Location: Surrey; On sale: Now; Price £102,072; Engine 6 cyls horizontally opposed, 2981cc, twin-turbo, petrol; Power 414bhp at 6500rpm; Torque 369lb ft at 1700-5000rpm; Gearbox 7-spd dual-clutch automatic; Kerb weight 1675kg; Top speed 187mph; 0-62mph 4.0sec; Economy 35.3mpg; CO2 rating & BIK tax band 184g/km / 33%

Join the debate

Comments
17

27 April 2016
But can't you get 2 spec'd up Porsche Boxsters for the same money OR a spec'd up Boxster and a Volvo XC90, which in my book makes this car look overpriced.

typos1 - Just can’t respect opinion

27 April 2016
Aren't most cars overpriced?????

27 April 2016
xxxx wrote:

But can't you get 2 spec'd up Porsche Boxsters for the same money OR a spec'd up Boxster and a Volvo XC90, which in my book makes this car look overpriced.

You could probably buy ten small hatchbacks instead of this Porsche but that is not what any potential buyers would consider. Porsche makes desirable cars that people are willing to pay a high price for.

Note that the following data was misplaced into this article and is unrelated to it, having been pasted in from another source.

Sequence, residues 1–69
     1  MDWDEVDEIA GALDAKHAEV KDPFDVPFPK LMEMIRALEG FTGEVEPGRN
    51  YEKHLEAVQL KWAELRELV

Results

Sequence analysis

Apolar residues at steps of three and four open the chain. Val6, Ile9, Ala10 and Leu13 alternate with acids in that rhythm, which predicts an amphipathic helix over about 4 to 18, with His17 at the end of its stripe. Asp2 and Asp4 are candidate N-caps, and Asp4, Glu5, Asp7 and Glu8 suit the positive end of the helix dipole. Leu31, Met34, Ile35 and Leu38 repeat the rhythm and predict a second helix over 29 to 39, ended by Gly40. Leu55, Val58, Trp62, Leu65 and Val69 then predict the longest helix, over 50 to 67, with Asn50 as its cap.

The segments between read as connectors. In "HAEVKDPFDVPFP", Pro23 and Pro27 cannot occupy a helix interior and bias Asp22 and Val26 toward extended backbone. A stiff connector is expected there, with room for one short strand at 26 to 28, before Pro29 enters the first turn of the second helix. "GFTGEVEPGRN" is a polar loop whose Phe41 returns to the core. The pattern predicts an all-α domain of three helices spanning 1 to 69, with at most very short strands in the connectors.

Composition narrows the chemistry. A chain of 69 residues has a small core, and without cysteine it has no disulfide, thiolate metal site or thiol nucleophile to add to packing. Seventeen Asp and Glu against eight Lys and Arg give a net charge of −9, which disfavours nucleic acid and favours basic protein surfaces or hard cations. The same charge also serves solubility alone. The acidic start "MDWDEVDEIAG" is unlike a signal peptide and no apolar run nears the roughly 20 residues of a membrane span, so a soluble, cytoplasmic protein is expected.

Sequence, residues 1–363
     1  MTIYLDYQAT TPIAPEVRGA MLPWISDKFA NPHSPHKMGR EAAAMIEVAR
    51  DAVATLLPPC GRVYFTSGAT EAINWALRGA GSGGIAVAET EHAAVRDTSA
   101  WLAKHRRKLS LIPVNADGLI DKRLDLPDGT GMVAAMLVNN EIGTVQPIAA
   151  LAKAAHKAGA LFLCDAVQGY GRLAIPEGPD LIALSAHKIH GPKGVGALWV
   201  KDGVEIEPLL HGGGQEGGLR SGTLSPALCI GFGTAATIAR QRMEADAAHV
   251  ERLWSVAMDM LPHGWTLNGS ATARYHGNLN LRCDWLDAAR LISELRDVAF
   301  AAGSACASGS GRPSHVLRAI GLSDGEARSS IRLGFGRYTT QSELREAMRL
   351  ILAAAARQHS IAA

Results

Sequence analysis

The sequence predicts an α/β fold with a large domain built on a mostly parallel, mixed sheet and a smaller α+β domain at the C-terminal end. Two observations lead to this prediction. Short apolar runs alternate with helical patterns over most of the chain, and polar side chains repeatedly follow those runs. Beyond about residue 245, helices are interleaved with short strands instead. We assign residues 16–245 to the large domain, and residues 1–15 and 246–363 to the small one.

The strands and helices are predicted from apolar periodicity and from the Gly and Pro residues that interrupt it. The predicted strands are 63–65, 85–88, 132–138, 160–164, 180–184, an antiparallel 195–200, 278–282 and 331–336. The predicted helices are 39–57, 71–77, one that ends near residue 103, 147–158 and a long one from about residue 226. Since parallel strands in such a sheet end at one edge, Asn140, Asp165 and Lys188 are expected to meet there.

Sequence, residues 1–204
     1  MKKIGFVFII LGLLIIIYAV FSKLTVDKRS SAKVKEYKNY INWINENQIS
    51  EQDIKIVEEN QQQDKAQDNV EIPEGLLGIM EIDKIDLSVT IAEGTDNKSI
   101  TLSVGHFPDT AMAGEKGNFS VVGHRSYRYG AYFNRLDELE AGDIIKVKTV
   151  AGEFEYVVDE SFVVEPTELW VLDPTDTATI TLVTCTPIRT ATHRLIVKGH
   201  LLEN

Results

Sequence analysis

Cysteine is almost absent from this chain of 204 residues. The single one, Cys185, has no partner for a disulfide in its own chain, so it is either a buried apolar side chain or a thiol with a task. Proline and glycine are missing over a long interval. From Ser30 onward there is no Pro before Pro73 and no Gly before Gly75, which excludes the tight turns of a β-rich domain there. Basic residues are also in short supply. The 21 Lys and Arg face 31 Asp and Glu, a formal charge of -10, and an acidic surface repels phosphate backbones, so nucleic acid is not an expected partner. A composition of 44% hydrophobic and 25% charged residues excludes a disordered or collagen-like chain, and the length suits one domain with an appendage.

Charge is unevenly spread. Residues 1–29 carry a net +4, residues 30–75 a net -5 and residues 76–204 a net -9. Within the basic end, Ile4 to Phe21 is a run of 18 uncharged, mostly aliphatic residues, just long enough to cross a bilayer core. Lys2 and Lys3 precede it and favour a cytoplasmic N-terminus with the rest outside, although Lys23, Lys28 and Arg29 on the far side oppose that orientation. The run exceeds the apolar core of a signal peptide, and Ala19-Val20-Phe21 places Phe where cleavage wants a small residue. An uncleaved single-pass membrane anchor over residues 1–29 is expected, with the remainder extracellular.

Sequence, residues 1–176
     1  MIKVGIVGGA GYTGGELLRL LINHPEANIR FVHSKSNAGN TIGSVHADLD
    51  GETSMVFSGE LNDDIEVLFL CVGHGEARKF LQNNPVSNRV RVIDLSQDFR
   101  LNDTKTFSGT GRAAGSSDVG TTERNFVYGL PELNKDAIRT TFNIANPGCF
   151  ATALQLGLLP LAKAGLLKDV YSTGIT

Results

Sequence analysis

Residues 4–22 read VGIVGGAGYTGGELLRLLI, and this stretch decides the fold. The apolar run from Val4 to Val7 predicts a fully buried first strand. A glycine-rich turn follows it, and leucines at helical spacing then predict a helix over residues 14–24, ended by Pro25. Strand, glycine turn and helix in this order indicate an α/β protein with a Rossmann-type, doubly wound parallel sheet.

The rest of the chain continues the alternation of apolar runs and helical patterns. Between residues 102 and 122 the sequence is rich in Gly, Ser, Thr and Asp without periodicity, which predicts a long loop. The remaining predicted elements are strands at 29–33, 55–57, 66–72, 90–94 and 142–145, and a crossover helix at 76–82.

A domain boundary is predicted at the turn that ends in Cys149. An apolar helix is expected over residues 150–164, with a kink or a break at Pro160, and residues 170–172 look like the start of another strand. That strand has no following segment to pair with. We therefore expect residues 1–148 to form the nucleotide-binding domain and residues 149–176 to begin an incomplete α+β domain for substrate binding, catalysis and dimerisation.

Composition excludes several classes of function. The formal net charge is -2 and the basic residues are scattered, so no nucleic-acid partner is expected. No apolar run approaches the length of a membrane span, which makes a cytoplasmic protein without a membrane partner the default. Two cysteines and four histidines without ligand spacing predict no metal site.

27 April 2016
Campervan wrote:
xxxx wrote:

But can't you get 2 spec'd up Porsche Boxsters for the same money OR a spec'd up Boxster and a Volvo XC90, which in my book makes this car look overpriced.

You could probably buy ten small hatchbacks instead of this Porsche but that is not what any potential buyers would consider. Porsche makes desirable cars that people are willing to pay a high price for.

10 small hatches, - bad example, why would anyone want 10 small hatches for person use. Willing to pay, yep but in this case it's to higher price IMO.

typos1 - Just can’t respect opinion

27 April 2016